Live Review: Sugar Mountain 2017
In a world full of uncertainty, one simply does not book with Tiger Air. Sure, I’ve heard the stories of cancelled flights and long check-in queues resulting in missed flights but I thought I’d rather save twenty bucks. I’ve since rethought this decision.
The wonderful team over at Sugar Mountain gifted my Sydney-based tucas a review pass to their annual indie/electronic music & arts soiree. Due to previously made tight-ass decisions, I expected the yellow cat to deliver me into a world of music and festival vibrancy at around midday. As luck would have it, I would find out the hard way to spend more on reliable and punctual travel. I won’t bore you with the details of repetitive phone calls to an offshore contact centre or being drunk in an airport but I will say I made my way to the Sugary Mountain eventually.
Albeit almost seven hours late, I roll through the gates of the South Bank event. If there’s one thing Melbourne knows how to do, it’s a hipster festival. The young adults are encrusted in the same glitter based substance covering even the festival’s older patrons as punters rove in relaxed spaces. It’s a Laneway style set-up with stages spread out across the street style venue. This brings me to a certain lack of individuality with the event. There’s cute set-ups all around with photo booths and art pieces sprinkled throughout the grounds. However the style of the event breeds memories of the first St Jerome’s Laneway affairs back in its infancy. What makes Sugar Mountain? I was surprised to find the program to be quite electronic with the majority of the evening events being DJ based stage to stage. At the point of the day that I arrived, people were beyond partying. Jaws disjointed and dragging on the floor. It soon became the land of the living dead where an Asahi was $13.50.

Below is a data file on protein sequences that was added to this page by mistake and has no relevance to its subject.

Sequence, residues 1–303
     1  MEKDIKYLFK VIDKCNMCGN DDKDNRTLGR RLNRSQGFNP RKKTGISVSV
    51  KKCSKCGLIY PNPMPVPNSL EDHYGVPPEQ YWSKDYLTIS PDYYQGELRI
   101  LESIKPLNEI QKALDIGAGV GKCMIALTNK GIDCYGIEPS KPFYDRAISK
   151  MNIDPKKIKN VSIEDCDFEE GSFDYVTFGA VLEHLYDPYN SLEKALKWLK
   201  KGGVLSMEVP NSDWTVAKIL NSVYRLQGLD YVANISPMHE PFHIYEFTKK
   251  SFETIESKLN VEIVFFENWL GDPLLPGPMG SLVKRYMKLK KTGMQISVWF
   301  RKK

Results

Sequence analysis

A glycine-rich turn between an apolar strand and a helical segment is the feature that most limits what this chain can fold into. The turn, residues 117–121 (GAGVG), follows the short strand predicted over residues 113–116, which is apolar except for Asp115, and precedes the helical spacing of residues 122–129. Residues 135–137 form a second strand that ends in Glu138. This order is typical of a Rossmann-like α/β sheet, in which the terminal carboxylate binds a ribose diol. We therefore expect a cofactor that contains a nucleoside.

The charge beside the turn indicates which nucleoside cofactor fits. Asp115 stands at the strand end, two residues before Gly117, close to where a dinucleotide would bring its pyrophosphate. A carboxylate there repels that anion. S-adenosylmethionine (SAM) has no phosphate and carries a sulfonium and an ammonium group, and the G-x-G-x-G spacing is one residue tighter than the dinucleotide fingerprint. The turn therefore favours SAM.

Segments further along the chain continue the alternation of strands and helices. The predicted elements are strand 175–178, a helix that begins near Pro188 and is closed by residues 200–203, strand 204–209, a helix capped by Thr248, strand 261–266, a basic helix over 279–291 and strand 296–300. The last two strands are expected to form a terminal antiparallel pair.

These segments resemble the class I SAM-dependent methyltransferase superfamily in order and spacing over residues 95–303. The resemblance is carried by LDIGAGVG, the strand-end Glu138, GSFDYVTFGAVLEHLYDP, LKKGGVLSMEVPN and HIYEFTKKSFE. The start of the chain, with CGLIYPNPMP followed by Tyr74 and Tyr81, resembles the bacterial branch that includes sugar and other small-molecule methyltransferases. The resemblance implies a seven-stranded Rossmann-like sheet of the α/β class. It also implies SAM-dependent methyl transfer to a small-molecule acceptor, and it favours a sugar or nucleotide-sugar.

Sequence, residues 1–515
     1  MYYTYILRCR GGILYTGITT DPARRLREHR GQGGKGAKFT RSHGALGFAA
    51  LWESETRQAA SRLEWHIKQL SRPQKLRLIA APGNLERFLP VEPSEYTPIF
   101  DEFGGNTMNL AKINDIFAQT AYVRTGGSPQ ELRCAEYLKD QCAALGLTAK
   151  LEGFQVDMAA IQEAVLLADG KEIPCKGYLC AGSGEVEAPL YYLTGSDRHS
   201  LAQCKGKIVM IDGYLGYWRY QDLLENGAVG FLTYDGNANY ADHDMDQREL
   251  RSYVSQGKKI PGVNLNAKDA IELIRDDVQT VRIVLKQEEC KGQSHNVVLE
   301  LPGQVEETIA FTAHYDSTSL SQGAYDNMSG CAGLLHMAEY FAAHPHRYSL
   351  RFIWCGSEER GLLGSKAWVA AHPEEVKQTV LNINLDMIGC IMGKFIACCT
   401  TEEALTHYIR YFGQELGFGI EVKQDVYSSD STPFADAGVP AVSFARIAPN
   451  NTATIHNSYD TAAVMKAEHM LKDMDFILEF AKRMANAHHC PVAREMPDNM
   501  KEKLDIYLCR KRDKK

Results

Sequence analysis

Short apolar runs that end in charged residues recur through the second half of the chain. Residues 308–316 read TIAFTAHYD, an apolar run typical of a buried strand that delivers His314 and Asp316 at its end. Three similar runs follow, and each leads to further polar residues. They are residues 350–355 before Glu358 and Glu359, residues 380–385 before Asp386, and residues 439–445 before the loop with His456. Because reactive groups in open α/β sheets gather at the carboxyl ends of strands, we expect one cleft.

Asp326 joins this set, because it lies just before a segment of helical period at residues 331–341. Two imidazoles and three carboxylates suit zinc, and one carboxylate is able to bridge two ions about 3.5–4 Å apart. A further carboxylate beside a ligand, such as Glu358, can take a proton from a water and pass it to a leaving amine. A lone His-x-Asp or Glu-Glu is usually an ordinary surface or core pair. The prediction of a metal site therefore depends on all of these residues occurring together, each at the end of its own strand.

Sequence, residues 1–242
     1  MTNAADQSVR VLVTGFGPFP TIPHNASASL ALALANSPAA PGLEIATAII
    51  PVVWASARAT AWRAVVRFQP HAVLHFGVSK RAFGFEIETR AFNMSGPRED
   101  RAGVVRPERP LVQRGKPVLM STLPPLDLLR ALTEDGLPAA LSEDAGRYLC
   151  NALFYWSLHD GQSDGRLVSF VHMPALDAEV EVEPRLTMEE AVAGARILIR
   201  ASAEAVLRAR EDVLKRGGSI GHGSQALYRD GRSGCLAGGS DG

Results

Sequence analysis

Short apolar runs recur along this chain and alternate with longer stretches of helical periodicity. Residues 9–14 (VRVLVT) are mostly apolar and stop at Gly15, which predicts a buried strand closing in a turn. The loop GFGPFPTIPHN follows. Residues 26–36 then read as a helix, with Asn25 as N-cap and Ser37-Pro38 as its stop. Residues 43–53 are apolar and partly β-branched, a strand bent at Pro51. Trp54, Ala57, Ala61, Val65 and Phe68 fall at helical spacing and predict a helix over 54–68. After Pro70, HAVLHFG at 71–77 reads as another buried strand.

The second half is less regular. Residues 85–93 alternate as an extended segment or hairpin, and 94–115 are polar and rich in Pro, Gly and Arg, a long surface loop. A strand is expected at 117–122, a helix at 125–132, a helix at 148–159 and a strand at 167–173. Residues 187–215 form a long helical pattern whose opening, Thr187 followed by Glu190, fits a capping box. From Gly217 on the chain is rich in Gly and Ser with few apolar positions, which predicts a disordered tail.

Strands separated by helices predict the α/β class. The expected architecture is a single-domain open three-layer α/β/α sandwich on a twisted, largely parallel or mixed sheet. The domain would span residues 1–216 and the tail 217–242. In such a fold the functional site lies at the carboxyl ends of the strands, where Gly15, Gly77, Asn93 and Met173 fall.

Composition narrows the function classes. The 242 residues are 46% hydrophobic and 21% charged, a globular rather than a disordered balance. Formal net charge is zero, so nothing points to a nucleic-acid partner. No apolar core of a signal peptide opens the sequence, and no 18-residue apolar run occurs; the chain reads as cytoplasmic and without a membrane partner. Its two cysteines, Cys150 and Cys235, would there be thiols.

After suffering the huge line-up loss of Blood Orange, The Avalanches settled into place to deliver a mid-whelming performance. They’ve played a string of gigs recently off the back of their second record Wildflower and with the mix of people on stage, something is going awry. It’s not awful as much as it’s just a little soulless.
In my admittedly short few hours at the festival, I discover that whilst all the glitters isn’t in fact gold, there’s still huge potential. With a more refined bill in 2018, Sugar Mountain can forge forward in securing its individuality in the festival sphere.